This transition from symbiosis to differentiation does not take place through insight. We must practice specific skills and processes often and regularly to shift us from having an unconscious relationship (reactive and symbiotic) to having a conscious relationship (intentional and differentiated). Healthy differentiation is what allows us to experience connection. If I can let you be you (differentiation), you will feel safe with me and therefore experience connection with me.
  17. All couples desire passion. A non-negotiable condition for passion is safety. Therefore, Imago practice focuses on keeping each other safe in each other's presence.

Couples want to be in touch with the life force they were born with. They want to feel the excitement that "you and I make a great team!" They want to feel effective and energized in the world. They want to feel sexually alive. Passion is a function of safety. As we do "the work" safety increases and passion emerges.

The safety we are trying to achieve is the safety to be ourselves without the fear of judgment or retaliation from our partner. In Imago, we believe that safety is achieved through the use of structure. The main structure we teach couples is embedded in Dialogues in various forms. The Formal Dialogue forces us to listen to each other, therefore slowly ushering in a greater disclosure of the self and a sense that indeed we are connected.

It often takes several years of regular work together to get to that place and achieve the relationship of your dreams


We recommend that you attend a "Getting The Love You Want Couples Workshop" (which was designed by Harville Hendrix and his wife Helen LaKelly Hunt in the 70s and 80s) to get a full introduction to the various Dialogues and exercises.

When Harville got divorced in the early 70's, he was a professor of Marriage and Family at Southern Methodist University in Texas - and the irony of it hit him very hard. After he and Helen got married they dedicated their lives to figuring out why being an intimate couple in today's world is so difficult. Harville and Helen's 1988 New York Times Best-Selling book, Getting the Love You Want: A Guide for Couples came out of the workshops they had developed for couples over the previous decade. They saw the intimate couple as the foundation of society, and determined that the childhood wounding that results in all the ills of society starts in the home of origin. They came to the conclusion that the best way to heal society is to bring healing to intimate couples. The analogy they use is, "Stop the pollution upstream and then we won't need to spend all the billions of dollars trying to clean up the pollution downstream" - jails, child abuse, teen pregnancies, broken homes, robberies, murders, war and on and on.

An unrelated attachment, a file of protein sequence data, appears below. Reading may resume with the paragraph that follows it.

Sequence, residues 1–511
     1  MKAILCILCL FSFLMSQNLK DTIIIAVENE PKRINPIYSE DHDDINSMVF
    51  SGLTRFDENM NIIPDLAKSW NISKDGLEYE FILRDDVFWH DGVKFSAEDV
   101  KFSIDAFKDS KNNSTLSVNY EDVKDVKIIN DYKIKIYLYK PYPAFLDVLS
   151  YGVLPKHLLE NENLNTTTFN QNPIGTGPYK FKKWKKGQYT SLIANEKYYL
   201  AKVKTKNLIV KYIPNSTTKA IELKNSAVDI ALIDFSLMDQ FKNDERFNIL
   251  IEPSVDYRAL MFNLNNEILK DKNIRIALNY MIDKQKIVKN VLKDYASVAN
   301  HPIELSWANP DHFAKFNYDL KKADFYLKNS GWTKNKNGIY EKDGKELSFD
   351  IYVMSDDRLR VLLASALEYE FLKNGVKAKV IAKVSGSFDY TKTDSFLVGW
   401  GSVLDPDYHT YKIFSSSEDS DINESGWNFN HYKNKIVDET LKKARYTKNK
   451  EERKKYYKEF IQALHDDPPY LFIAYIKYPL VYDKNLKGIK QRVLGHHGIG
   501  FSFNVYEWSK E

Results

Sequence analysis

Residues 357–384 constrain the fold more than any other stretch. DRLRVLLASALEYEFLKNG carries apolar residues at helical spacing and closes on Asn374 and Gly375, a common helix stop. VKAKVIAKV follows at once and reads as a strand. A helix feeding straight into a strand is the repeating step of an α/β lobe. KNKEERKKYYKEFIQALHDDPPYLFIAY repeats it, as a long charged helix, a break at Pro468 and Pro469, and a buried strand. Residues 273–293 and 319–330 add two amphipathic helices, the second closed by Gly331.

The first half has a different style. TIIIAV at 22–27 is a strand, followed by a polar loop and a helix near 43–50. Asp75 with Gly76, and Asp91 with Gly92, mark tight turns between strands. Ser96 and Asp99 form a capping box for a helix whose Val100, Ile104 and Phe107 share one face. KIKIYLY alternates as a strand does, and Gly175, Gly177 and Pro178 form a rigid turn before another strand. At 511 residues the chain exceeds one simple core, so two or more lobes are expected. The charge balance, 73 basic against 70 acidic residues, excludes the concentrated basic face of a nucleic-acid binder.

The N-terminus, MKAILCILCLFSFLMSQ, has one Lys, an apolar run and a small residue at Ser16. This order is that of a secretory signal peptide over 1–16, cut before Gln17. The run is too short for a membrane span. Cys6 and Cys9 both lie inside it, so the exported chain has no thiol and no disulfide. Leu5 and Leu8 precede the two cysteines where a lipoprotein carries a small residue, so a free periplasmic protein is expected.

The workshop has stood the test of time. Scores of these same workshops are put on every weekend all over the world by Certified Imago Workshop Presenters who have been trained at the Imago International Institute. As a result, there are several hundred thousand couples who have taken the workshop not only in the United States but in over thirty-five countries around the world.

The workshop is a seminar, NOT group therapy. You and your partner may remain as private as you choose. All the work is done between you as a couple. You get a comprehensive manual. There are lectures, demonstrations, workbook exercises, and periods of Dialogue with your partner using the processes that have just been modeled. Coaching is available throughout the two days. Couples often find this intensive workshop to have the same value as six months of couples counseling.

To find out more about Imago and the Couples Workshops, go to: